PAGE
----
Ireland is not only a country with a low corporate income tax. It is also a pro-business location that offers dynamism and flexibility and access to investment incentives and a qualified workforce.
Here are some of the main reasons why to start a business in Ireland. Investors can explore these advantages and other which may be circumstantial to a particular business field they are interested in.
Reasons to invest in Ireland
Ireland is home to many international companies and foreign investors who decide to open their headquarters here do not just come predominantly from one business field. The large array of types of companies that set up their operations in Ireland is an indicator of the pro-business culture that is beneficial to companies in multiple business fields. Financial services companies, software companies, medical technology companies and pharmaceutical companies operate from Dublin, Cork, and other Irish cities.
Ireland has a low tax rate, at only 12.5 percent, and the country has signed double tax treaties with more than 70 countries worldwide. What’s more, the country also offers a research and developed tax credit regime and a regime called the “knowledge development box”, which offers preferential tax rates on profits derived from qualifying sources. The Irish tax regime is one of the main reasons foreign investors choose to set up their business here but the reasons do not stop here. Good infrastructure and a highly trained and qualified workforce are two other good reasons.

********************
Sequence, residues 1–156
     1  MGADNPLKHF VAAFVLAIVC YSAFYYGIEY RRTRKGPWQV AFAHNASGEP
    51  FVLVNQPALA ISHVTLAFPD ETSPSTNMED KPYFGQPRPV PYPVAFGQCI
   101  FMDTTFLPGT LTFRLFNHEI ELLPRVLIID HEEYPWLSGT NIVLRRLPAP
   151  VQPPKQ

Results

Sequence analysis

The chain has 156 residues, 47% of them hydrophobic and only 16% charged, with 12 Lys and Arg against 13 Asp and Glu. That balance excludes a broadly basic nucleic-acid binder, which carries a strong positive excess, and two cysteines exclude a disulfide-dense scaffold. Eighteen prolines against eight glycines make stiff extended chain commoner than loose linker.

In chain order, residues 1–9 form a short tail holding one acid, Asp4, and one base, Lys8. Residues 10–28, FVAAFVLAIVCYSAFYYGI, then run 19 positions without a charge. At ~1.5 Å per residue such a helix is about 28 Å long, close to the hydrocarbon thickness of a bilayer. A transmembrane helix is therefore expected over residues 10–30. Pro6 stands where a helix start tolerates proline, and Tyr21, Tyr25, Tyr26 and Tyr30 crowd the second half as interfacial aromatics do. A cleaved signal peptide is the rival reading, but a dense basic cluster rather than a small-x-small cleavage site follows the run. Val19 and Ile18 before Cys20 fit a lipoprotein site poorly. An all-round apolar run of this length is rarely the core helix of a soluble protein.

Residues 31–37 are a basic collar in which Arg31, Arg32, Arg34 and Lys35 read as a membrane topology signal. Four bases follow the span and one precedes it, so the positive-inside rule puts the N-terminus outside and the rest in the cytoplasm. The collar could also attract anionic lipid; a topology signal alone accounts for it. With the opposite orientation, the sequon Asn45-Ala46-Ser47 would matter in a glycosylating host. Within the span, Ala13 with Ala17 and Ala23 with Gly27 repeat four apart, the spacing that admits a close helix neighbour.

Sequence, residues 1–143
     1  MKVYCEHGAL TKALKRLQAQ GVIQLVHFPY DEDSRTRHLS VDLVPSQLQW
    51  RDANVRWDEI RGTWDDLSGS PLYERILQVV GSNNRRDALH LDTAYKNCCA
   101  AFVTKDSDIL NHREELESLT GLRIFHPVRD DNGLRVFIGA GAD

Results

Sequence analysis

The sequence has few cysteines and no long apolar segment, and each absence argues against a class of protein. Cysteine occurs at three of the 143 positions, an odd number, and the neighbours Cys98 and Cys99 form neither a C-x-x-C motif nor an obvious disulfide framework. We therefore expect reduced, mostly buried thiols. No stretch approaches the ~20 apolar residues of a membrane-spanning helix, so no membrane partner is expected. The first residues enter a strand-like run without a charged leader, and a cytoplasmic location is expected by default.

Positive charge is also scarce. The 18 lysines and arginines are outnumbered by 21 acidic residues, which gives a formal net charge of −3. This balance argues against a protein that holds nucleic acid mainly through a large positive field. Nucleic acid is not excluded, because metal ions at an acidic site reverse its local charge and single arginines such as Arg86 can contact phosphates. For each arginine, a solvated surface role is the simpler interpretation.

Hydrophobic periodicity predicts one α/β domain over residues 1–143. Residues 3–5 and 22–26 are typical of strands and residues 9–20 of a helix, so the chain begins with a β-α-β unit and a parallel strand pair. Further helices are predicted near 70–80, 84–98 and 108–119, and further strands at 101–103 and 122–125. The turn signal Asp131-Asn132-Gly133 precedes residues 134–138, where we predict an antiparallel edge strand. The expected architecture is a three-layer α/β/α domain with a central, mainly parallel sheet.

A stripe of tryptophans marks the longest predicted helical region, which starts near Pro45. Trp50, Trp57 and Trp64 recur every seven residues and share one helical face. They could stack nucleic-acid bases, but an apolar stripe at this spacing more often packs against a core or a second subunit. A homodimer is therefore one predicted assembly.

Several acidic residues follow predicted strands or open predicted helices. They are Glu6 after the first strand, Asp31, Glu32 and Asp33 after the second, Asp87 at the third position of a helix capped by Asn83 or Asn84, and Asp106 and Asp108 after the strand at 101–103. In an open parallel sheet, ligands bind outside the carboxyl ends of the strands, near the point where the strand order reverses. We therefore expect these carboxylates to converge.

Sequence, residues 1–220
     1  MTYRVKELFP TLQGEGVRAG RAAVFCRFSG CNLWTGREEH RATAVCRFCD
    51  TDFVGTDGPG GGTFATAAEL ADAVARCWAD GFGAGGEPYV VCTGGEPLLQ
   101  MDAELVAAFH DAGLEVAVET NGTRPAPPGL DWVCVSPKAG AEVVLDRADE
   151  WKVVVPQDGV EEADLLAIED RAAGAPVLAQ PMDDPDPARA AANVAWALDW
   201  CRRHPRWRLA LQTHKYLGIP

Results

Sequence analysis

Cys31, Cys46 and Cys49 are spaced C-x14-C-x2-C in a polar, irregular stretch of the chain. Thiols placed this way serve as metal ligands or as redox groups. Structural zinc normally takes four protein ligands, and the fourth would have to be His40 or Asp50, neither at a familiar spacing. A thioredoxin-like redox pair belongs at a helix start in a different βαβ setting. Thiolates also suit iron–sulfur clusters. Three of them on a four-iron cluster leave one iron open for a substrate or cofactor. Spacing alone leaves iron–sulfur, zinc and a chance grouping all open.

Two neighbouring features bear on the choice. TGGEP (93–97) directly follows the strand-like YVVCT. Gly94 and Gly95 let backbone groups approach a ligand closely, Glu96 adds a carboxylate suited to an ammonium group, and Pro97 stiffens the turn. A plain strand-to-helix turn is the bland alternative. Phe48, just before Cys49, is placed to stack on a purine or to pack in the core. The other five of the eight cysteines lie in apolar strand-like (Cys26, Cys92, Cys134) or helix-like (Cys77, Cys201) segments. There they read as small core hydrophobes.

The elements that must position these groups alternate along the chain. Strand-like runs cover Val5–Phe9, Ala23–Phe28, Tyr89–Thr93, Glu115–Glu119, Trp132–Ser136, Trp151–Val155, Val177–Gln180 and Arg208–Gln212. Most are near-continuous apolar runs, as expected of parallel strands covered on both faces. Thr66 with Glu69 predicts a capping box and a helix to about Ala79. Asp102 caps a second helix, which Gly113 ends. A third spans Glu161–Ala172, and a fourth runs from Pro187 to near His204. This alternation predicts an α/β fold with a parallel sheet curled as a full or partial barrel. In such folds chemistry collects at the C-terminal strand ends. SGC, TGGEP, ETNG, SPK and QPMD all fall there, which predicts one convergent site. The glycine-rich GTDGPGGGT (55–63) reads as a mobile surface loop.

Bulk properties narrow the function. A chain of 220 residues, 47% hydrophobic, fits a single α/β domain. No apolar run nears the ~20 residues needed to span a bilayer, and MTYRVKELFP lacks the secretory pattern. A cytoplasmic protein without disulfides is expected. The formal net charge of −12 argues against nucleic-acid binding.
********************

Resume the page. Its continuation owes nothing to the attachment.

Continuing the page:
How to open a business in Ireland
Having a pro-business regime and transparent policies for companies, Ireland is a location where investors find it easy to . The business environment is maintained competitive and attractive through a set of laws and continuous development, focused on maintaining a good FDI environment.
The two main business forms are the private limited company and the public limited company, both of which need to be registered with the Companies Registration Office. Foreign businesses can also set up their operations in Ireland via a branch.